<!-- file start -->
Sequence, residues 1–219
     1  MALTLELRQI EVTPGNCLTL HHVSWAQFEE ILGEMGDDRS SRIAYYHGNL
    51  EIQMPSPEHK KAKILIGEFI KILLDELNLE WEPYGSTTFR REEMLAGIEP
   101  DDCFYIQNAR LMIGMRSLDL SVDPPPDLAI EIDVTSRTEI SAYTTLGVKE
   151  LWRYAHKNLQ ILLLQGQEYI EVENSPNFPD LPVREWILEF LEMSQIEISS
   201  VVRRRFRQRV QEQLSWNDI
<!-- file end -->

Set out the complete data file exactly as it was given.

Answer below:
Sequence, residues 1–219
     1  MALTLELRQI EVTPGNCLTL HHVSWAQFEE ILGEMGDDRS SRIAYYHGNL
    51  EIQMPSPEHK KAKILIGEFI KILLDELNLE WEPYGSTTFR REEMLAGIEP
   101  DDCFYIQNAR LMIGMRSLDL SVDPPPDLAI EIDVTSRTEI SAYTTLGVKE
   151  LWRYAHKNLQ ILLLQGQEYI EVENSPNFPD LPVREWILEF LEMSQIEISS
   201  VVRRRFRQRV QEQLSWNDI